What Is an Arrhythmia?

An arrhythmia (ah-RITH-me-ah) is a problem with the rate or rhythm of the heartbeat. During an arrhythmia, the heart can beat too fast, too slow, or with an irregular rhythm.

A heartbeat that is too fast is called tachycardia (TAK-ih-KAR-de-ah). A heartbeat that is too slow is called bradycardia (bray-de-KAR-de-ah).

Most arrhythmias are harmless, but some can be serious or even life threatening. During an arrhythmia, the heart may not be able to pump enough blood to the body. Lack of blood flow can damage the brain, heart, and other organs.

Electrophysiology study (EPS)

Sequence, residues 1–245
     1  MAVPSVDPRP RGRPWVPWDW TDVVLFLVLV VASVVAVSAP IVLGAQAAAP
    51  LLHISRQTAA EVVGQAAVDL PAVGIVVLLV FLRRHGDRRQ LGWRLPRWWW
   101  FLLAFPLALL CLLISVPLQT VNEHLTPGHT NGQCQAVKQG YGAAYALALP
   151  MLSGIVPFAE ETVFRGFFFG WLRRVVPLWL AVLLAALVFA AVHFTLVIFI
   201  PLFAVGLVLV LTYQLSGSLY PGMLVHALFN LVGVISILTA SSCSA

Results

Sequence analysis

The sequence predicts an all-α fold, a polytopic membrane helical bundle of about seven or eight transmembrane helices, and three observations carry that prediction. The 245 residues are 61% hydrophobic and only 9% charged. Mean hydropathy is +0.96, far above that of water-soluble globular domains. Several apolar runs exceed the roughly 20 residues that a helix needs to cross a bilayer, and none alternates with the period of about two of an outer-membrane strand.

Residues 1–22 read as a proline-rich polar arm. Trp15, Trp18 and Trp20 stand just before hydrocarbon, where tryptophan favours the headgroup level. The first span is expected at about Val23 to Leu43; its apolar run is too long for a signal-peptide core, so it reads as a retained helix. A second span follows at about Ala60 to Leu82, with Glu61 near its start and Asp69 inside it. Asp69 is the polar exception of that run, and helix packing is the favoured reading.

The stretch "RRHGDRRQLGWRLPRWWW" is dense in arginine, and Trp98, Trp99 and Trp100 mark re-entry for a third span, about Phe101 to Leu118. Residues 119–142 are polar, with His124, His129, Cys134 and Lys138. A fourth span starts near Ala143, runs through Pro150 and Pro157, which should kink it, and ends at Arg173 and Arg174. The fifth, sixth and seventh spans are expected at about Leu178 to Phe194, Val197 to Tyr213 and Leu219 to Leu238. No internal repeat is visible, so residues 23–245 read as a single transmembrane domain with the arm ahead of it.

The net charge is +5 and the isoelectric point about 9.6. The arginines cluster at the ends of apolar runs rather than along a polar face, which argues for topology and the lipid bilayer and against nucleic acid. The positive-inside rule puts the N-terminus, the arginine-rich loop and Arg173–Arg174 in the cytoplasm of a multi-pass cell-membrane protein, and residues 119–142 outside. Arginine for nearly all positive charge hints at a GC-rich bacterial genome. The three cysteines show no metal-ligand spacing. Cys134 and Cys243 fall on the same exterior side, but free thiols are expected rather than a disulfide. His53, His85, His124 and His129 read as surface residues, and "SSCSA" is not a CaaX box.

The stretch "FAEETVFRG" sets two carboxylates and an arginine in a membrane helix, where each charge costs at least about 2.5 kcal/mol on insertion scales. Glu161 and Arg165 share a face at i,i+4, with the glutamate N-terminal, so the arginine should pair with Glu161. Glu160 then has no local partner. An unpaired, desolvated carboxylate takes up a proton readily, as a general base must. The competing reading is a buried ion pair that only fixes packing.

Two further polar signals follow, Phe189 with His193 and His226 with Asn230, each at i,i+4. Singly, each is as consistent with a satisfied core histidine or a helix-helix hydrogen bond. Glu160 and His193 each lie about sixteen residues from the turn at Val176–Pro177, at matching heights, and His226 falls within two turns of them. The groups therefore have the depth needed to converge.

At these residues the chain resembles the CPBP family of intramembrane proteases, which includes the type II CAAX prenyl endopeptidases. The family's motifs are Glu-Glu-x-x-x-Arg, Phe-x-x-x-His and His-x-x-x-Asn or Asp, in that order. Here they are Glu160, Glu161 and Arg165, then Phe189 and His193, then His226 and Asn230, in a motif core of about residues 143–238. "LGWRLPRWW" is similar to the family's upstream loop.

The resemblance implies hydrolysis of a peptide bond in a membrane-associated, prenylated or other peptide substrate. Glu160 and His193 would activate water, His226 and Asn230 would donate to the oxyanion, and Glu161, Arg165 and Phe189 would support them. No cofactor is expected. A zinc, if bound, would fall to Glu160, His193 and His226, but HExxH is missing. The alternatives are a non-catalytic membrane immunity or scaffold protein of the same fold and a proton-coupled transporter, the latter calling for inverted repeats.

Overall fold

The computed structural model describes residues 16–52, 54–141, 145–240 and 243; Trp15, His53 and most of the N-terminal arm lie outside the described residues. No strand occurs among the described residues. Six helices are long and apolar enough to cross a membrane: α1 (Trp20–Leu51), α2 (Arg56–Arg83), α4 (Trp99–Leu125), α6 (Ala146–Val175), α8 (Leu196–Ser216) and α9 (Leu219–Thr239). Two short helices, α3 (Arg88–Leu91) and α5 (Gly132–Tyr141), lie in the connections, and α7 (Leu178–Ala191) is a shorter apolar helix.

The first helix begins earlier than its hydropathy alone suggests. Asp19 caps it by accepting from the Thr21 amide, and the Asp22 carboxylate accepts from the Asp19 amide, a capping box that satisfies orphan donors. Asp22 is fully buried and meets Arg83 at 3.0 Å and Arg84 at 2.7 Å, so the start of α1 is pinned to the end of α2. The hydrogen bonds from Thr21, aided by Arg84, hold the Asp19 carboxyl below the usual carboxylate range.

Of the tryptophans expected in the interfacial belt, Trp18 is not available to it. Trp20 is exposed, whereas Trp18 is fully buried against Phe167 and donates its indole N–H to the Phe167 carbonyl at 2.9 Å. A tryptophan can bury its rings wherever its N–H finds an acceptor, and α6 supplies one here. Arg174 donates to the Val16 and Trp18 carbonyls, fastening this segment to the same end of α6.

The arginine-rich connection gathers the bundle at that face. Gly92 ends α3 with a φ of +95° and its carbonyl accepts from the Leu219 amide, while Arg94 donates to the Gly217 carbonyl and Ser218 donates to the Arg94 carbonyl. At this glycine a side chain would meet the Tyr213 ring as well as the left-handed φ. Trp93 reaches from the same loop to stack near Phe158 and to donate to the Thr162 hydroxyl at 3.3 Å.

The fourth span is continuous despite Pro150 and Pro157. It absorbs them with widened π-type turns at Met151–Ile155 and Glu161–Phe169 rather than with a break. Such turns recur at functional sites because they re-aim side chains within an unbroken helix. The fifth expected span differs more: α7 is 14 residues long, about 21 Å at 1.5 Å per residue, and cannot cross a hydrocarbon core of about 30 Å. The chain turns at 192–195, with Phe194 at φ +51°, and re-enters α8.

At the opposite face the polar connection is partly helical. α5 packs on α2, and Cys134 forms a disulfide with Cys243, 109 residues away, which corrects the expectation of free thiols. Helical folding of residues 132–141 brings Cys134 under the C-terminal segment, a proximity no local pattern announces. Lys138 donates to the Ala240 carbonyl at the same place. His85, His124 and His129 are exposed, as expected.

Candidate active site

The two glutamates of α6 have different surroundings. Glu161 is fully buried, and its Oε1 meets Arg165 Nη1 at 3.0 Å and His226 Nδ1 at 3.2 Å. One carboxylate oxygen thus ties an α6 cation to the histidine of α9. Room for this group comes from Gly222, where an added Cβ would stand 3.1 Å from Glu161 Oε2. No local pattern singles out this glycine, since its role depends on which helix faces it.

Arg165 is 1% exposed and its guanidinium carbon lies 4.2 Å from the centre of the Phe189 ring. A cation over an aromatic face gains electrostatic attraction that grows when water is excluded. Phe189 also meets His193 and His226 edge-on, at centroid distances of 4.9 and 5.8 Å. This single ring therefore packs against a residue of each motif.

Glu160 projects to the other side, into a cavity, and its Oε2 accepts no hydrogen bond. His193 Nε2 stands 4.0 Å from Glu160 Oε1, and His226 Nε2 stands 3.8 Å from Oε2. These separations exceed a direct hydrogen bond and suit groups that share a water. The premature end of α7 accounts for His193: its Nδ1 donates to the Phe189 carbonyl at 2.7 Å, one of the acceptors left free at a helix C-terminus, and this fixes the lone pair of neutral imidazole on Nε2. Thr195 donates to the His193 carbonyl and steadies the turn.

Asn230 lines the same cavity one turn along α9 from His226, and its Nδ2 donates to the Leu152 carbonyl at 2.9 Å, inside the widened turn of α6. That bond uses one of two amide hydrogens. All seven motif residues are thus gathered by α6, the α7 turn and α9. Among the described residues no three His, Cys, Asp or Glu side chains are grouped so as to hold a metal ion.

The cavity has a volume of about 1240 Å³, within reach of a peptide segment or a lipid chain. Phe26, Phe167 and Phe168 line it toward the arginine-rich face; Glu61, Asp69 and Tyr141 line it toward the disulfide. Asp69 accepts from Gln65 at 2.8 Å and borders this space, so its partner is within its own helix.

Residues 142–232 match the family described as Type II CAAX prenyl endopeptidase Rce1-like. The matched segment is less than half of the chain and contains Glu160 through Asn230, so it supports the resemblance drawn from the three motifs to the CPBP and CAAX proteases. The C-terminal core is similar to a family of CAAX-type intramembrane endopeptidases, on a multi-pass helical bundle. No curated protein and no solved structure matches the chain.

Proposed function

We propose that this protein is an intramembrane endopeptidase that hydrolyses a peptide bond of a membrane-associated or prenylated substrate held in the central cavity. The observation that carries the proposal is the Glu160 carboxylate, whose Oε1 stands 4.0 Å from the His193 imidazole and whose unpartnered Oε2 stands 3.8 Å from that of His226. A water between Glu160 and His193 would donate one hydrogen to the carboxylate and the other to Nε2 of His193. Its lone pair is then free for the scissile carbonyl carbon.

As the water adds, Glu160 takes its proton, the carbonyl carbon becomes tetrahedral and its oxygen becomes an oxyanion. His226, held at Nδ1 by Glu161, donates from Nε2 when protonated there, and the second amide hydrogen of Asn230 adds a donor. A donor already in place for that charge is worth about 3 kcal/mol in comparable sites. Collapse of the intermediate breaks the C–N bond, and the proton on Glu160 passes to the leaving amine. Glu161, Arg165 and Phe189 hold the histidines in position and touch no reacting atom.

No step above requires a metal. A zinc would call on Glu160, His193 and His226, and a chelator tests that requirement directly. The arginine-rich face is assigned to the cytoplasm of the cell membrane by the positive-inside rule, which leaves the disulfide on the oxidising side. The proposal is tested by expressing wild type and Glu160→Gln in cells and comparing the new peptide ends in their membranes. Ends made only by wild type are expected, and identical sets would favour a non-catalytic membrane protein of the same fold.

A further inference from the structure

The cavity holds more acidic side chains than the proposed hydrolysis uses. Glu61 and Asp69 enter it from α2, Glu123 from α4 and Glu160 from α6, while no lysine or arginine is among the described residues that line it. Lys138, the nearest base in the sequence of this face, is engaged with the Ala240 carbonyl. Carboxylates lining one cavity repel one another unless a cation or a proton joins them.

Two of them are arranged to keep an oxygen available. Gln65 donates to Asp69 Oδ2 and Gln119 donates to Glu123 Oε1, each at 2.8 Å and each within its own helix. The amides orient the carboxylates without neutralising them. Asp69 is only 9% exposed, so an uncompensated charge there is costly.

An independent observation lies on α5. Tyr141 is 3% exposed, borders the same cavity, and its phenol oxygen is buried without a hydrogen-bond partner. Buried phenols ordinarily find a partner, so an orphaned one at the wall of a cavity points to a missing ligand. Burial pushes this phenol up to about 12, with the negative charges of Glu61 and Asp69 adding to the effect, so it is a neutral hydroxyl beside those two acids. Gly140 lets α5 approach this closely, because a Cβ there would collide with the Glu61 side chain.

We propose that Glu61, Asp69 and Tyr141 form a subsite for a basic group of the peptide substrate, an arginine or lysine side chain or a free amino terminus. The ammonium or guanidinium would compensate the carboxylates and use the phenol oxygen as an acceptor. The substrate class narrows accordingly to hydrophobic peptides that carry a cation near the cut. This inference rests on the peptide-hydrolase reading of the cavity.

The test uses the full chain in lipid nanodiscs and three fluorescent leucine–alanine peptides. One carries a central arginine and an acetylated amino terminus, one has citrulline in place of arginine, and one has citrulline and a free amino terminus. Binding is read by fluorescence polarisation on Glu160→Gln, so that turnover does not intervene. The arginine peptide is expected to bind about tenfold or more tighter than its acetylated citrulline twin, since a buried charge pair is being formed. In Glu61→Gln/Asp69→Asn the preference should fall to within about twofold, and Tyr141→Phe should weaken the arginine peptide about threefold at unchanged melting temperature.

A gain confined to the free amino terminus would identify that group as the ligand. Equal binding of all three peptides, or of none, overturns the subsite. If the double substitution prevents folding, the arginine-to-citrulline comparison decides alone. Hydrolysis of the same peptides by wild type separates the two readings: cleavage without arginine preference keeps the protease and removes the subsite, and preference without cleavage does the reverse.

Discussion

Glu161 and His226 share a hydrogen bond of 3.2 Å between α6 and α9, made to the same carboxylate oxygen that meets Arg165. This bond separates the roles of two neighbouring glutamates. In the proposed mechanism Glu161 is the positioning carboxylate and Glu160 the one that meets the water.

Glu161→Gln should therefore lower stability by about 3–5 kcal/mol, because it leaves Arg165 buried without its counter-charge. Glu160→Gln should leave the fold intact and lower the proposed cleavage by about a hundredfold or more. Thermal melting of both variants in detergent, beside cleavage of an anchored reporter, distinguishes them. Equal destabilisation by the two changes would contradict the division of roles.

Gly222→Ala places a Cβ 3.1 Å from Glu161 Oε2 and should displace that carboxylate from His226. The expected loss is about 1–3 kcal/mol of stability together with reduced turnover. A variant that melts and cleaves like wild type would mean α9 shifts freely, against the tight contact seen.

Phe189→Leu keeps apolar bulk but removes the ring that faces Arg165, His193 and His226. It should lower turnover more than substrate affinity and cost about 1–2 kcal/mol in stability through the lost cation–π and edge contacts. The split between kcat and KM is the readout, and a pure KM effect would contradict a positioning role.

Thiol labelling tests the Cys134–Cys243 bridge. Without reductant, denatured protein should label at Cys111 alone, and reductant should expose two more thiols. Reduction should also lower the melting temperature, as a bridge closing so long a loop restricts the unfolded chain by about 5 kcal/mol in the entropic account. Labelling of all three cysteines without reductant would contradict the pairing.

This test is used to assess serious arrhythmias. During an EPS, a thin, flexible wire is passed through a vein in your groin (upper thigh) or arm to your heart. The wire records your heart’s electrical signals.

Your doctor can use the wire to electrically stimulate your heart and trigger an arrhythmia. This allows your doctor to see whether an antiarrhythmia medicine can stop the problem.

Source: National Heart, Lung, and Blood Institute; National Institutes of Health; U.S. Department of Health and Human Services.